Friday, August 1, 2014

Forgotten Books: FFB Hijacked by WWC!

Sad but true. I had a forgotten book read and was set to yap about it, but preparations for tomorrow's Willamette Writers Conference got in the way. Along with the infamous Cap'n Bob Napier and many of the usual suspects, I'll be working the Pitch Practice room again. Gritty details to follow.

Monday, July 28, 2014


The engraving on this gun (from Wyandotte, PA, natch) is identical to that on the Hopalong Cassidy pistol posted HERE. But the cool things about the Red Ranger are the two different grips. There's also a gold model with red swirl grips, which we'll see further down the trail. 

More mighty Cap Guns HERE.

Saturday, July 26, 2014

Toy Soldier Saturday: MPC RINGHAND GIs

I mentioned these GIs when I posted the MPC Spacemen a couple of weeks ago (HERE). Those spacemen figures were made from these same molds. They were just cast in different colors and given different accessories. 

MPC accessories also sometimes did double duty. The pick and shovel seen below were carried by the Ringhand Pirates too (HERE). 

More little plastic guys HERE.

Friday, July 25, 2014

Forgotten Books: THE CONVERTIBLE HEARSE by William Campbell Gault (1957)

This is the third book in the Brock Callahan series, and the third Brock Callahan I've read within the last thirty days. As I hope I conveyed last week, I enjoyed Day of the Ram quite a bit, so dived right into this one. Maybe I shouldn't have.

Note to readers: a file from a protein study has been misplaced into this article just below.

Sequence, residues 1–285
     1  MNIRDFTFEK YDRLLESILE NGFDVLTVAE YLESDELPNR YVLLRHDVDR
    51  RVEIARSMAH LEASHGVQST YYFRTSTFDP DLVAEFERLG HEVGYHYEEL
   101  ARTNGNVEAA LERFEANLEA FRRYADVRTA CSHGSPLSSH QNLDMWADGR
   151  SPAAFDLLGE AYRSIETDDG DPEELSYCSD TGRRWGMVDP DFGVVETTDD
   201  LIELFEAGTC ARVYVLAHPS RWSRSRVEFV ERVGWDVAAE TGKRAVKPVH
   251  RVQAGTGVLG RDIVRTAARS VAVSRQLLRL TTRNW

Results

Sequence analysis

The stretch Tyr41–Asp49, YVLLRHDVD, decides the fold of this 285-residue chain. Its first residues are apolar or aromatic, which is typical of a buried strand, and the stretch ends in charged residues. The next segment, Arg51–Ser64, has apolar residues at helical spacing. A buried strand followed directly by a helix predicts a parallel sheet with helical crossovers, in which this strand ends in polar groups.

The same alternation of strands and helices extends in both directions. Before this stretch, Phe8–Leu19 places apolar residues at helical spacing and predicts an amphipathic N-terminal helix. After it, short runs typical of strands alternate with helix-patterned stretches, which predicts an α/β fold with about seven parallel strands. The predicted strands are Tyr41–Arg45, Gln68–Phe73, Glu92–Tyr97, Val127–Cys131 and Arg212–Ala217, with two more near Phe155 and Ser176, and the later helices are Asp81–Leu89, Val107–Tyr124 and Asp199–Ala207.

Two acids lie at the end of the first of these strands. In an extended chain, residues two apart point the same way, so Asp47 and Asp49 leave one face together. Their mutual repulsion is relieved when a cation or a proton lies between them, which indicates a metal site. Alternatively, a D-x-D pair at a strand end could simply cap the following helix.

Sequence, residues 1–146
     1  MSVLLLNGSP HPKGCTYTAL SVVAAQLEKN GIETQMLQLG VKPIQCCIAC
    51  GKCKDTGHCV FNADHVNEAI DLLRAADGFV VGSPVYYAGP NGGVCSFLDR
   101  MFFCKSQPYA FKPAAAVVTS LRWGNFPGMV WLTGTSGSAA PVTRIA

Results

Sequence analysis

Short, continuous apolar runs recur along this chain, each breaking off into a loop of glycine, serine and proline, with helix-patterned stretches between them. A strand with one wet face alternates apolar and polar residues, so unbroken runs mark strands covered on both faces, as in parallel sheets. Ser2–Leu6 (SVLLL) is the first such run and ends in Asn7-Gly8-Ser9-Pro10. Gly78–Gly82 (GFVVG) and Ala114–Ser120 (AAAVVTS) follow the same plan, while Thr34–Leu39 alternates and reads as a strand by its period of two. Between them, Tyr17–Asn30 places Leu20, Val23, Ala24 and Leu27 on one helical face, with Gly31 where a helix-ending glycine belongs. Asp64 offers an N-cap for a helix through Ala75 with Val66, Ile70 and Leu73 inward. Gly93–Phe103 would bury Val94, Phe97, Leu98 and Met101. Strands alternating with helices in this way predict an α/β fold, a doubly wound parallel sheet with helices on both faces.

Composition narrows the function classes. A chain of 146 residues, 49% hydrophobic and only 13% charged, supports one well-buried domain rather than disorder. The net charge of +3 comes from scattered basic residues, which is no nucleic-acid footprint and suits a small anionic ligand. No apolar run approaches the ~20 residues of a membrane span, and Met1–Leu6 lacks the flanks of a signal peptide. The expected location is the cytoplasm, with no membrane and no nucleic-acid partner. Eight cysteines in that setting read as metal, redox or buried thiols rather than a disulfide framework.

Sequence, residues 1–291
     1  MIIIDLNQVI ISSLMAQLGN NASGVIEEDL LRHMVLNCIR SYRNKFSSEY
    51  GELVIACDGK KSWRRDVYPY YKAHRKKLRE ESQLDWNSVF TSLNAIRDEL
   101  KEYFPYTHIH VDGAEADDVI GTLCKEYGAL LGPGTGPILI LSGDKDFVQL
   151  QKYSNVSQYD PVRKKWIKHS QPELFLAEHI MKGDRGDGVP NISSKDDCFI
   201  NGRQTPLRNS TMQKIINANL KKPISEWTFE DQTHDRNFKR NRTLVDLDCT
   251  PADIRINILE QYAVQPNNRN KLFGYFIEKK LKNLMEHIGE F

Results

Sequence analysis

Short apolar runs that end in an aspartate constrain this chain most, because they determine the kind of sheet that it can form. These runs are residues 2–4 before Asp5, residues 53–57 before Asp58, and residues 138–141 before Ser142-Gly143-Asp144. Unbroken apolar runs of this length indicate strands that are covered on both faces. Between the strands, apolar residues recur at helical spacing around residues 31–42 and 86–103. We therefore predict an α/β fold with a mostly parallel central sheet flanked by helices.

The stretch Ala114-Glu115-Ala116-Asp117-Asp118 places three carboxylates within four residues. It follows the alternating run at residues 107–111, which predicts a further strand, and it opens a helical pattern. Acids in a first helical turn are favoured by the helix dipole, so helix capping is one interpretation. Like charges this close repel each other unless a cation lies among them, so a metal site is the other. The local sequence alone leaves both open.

The Convertible Hearse is a good enough book. Brock digs into the murder of one of L.A.'s sleazier used car salesmen, continues his love/hate relationship with police and his hate/hate relationship with hoodlums, and continues to find himself not quite suited to his new profession of private investigator. In other words, it's more of the same, only this time without the pro football angle that made Day of the Ram so interesting. The only new thing here is that Brock's girlfriend Jan gets pissy early in the book and stays that way until late in the book, giving him another reason to feel sorry for himself.

My problem with Brock, I suspect, is that he's not Robert B. Parker's Spenser, and after umpteen readings of that series I tend to judge all other detectives against Spenser's standard. On the Spensermeter, Brock is just too polite, too cautious, too serious and too unsure of himself. You know, more like a real human being.

For me, that problem is easily solved. I'll just read another Spenser book (again). Maybe two. Then something completely different. And one of these days, when I'm in the mood for a nice guy detective again, I'll hunt up my copy of the next Callahan book.